In almost every national election since I have been able to vote, someone has said, “This is the most important election in our history.” And in fact, maybe they all have been. I feel that way about these next couple of years here at UUCF and for Unitarian Universalism. It feels like we have come to a time in our history when we are making some decisions about who we are and who we want to be as we travel this journey together deeper into the 21st Century. It is not the first time this has happened. We have gone through various transitions that are marked by famous sermons or events like Ralph Waldo Emerson’s Harvard Divinity School Address, or William Ellery Channing’s “Unitarian Christianity,” or Theodore Parker’s “The Transient and Permanent in Christianity” or the Unitarian Universalist Association’s Black Empowerment Controversy.
As we begin this congregational year, UUCF’s lay leadership, staff and ministers will be working together to investigate and reflect on the congregation’s financial sustainability and planning for our future. We will be in conversation with lay leaders, staff and ministers from area congregations to share challenges that we are all facing in these times and do some sharing and brainstorming about the many possibilities that await.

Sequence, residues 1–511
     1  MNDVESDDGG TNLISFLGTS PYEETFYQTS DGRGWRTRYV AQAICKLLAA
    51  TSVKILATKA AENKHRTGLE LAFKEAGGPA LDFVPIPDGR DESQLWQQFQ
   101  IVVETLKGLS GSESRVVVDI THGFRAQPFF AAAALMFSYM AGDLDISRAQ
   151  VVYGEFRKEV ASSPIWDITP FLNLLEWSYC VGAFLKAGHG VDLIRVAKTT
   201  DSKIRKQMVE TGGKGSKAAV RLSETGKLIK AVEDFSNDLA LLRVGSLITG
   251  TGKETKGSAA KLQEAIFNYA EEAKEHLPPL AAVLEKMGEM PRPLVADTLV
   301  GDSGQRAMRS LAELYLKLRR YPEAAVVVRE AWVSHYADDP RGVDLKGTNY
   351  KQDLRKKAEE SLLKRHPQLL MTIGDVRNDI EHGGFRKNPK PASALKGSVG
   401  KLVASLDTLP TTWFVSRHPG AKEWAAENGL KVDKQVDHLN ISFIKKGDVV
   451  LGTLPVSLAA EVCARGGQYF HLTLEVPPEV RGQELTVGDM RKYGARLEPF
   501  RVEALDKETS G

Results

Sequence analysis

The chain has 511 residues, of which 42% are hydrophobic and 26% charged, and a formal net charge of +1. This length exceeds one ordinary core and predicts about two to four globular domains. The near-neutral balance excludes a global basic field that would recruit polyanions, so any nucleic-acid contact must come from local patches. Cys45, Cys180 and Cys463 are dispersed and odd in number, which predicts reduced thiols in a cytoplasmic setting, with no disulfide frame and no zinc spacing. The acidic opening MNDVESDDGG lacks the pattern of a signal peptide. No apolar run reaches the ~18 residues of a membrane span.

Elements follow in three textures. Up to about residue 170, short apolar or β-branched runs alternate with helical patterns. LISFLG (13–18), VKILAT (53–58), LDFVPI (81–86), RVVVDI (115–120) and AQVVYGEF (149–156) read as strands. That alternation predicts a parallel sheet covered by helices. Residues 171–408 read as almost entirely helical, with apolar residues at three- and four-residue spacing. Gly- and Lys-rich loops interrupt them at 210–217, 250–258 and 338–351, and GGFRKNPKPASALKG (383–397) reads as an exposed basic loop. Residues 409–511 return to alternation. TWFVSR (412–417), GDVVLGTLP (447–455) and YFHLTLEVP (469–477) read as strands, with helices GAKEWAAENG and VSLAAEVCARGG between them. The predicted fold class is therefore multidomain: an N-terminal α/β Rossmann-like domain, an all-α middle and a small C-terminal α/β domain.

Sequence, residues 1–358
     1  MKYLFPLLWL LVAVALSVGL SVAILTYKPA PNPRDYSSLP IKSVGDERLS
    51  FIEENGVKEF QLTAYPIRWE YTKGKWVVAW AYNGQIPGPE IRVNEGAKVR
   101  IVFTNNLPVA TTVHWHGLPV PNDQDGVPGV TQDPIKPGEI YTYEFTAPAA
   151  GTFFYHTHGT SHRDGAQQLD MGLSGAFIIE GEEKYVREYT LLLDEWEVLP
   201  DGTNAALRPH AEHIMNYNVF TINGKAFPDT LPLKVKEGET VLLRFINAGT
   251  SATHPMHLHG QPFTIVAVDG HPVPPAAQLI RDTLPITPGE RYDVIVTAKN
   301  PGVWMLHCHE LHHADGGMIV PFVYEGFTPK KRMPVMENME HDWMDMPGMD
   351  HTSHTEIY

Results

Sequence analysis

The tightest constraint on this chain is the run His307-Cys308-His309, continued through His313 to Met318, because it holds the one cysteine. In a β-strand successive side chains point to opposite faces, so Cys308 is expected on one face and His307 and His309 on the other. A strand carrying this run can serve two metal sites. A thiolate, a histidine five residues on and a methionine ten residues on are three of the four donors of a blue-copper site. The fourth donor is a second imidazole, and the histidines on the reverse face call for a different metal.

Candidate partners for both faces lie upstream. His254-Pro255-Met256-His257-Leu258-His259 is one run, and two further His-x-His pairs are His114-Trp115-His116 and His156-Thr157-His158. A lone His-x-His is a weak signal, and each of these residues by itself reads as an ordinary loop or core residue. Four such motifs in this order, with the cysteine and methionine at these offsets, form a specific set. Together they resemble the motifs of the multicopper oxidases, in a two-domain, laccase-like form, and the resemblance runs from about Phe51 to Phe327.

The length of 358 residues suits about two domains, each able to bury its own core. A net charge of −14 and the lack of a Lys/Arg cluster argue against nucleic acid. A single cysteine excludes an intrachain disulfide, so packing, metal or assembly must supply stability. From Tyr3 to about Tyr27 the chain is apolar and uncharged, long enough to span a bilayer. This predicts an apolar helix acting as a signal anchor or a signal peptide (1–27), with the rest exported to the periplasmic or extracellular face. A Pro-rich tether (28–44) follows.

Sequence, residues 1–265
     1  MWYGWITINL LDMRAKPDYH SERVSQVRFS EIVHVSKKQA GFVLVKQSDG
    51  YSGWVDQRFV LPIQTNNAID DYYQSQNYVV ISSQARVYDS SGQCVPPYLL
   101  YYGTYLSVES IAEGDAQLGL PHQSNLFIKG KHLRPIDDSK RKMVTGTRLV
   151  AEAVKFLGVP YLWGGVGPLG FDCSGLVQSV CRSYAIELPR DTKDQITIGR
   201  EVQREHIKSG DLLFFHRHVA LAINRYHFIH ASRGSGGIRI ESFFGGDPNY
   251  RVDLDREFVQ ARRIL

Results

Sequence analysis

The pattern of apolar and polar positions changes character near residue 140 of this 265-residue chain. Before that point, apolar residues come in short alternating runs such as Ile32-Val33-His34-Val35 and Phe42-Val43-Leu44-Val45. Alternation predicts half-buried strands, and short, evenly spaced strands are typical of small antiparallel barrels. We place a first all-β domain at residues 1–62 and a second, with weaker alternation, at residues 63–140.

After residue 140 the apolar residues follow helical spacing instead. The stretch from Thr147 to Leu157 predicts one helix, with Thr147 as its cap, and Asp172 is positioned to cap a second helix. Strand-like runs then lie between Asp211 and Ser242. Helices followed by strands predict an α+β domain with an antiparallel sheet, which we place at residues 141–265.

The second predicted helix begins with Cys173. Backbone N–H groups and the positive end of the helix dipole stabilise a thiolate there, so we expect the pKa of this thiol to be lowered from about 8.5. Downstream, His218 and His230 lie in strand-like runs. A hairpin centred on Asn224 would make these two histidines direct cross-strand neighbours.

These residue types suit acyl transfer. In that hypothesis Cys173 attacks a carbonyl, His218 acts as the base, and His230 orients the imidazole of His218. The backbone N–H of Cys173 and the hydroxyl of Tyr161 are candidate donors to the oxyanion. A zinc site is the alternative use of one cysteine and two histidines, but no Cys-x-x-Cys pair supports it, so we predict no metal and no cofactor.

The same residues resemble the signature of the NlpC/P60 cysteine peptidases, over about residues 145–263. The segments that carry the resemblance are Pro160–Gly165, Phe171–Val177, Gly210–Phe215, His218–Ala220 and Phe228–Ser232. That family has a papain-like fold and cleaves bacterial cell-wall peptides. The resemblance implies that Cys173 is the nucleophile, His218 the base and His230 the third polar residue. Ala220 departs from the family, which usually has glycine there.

We do this in the midst of a complex and demanding cultural and political atmosphere in need of Unitarian Universalist values to be heard, seen and available in our community. UUs broadly and UUCF specifically continue to be voices of goodness and love in the public arena, as well as havens for those seeking connection, inspiration, action and hope related to the difficult and unsettling times in which we live.
We always have choices to make. One of my choices is to approach this work as serious and urgent but also not to let it overwhelm the immense beauty and joy I see and feel in this world and as a part of the UUCF community. This year we will also sing together, laugh, celebrate and share in the beauty of this world. We will raise our voices in love and share the sad and tender moments. With the state of our world, surely there will be times when we will need to do this.
It promises to be an extraordinary and vital year in our lives, in the long history of this congregation and in the larger community of which we are a part. As always, I am honored and privileged to share this journey with you. As always, we will make mistakes. As always, we will not always agree. And I hope we will learn with each passing moment how to better act with love, humility and kindness as we grow from the deep and intentional practice of this faith.